Furthermore, Engie also happens to be an investor in Tendril, a Boulder, Colorado-based startup offering a cloud-based energy services management platform for helping energy providers better engage residential customers. With Ecova’s acquisition of Retroficiency, the company now has the resources to offer a combined residential and C&I platform to utilities that can counter Opower and Firstfuel’s new platform. The newly joined forces of Ecova and Retroficiency not only signal to others the value of data analytics, but also bring to the market a big name in energy and increased competition, which could give the data analytics market the momentum it needs to take off and become a vital part of energy efficiency.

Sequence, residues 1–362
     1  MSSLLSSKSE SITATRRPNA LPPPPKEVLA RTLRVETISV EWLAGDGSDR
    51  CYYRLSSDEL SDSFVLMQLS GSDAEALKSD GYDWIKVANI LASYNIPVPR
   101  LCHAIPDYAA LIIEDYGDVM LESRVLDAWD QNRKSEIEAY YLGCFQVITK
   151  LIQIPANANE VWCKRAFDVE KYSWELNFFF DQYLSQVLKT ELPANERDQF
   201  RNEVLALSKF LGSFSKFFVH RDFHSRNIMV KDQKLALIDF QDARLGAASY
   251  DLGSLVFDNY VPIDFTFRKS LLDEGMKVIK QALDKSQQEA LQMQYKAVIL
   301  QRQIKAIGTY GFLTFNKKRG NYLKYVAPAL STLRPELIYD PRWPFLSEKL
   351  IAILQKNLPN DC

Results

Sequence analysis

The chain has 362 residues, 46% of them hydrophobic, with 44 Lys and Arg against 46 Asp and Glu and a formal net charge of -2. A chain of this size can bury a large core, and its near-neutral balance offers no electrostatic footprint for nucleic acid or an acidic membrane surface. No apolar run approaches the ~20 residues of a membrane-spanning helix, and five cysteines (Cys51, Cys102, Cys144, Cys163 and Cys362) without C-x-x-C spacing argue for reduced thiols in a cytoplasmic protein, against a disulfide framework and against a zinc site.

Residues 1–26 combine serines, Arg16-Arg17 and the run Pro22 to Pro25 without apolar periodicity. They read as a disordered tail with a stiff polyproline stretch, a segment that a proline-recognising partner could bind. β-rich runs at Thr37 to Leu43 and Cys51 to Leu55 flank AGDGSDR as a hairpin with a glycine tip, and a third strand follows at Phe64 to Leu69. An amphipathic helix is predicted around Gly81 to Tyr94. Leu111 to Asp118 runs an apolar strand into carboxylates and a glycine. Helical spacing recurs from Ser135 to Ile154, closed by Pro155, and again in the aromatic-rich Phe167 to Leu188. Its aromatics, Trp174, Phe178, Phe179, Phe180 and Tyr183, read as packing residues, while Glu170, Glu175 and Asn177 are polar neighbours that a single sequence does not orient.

Business, Buildings, and Tackling Climate Change

— October 23, 2015

On October 19, the White House announced expansive commitments from corporate America to continue the battle against climate change. This announcement underscores the hope for effective global policy development at the United Nations Climate Convention in Paris, or COP21, at the end of November. The signatories represent 81 companies operating in all 50 states, employing over 9 million people, and generating more than $3 trillion in annual revenue. These companies also span industries, representing a spectrum from heavy industry to high tech, as well as service businesses. An independent consortium of long-term investors has also announced a commitment to invest $1.2 billion in clean energy development.

The growing corporate commitments reflect an understanding of customer demand. Alex Gorsky, chief executive of Johnson & Johnson, explained to the Financial Times, “Just as the opinion of customers, and in our case patients, around the world are more sensitized to this issue … they are demanding more from the companies from which they purchase their products.”

The Role of Buildings